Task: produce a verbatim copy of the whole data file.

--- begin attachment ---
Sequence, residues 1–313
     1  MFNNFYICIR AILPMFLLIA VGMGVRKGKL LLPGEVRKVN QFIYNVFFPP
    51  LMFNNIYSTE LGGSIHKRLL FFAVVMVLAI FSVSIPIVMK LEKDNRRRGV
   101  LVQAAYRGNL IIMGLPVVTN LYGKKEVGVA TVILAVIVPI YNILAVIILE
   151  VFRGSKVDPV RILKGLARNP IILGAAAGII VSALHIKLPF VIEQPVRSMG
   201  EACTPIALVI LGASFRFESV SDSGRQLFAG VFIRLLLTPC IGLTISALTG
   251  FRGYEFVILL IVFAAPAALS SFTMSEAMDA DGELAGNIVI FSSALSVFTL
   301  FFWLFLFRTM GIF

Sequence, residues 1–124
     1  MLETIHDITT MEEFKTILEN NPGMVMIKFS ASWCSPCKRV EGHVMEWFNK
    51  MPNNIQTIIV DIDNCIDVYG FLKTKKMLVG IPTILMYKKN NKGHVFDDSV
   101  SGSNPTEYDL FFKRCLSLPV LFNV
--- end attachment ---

Sequence, residues 1–313
     1  MFNNFYICIR AILPMFLLIA VGMGVRKGKL LLPGEVRKVN QFIYNVFFPP
    51  LMFNNIYSTE LGGSIHKRLL FFAVVMVLAI FSVSIPIVMK LEKDNRRRGV
   101  LVQAAYRGNL IIMGLPVVTN LYGKKEVGVA TVILAVIVPI YNILAVIILE
   151  VFRGSKVDPV RILKGLARNP IILGAAAGII VSALHIKLPF VIEQPVRSMG
   201  EACTPIALVI LGASFRFESV SDSGRQLFAG VFIRLLLTPC IGLTISALTG
   251  FRGYEFVILL IVFAAPAALS SFTMSEAMDA DGELAGNIVI FSSALSVFTL
   301  FFWLFLFRTM GIF

Sequence, residues 1–124
     1  MLETIHDITT MEEFKTILEN NPGMVMIKFS ASWCSPCKRV EGHVMEWFNK
    51  MPNNIQTIIV DIDNCIDVYG FLKTKKMLVG IPTILMYKKN NKGHVFDDSV
   101  SGSNPTEYDL FFKRCLSLPV LFNV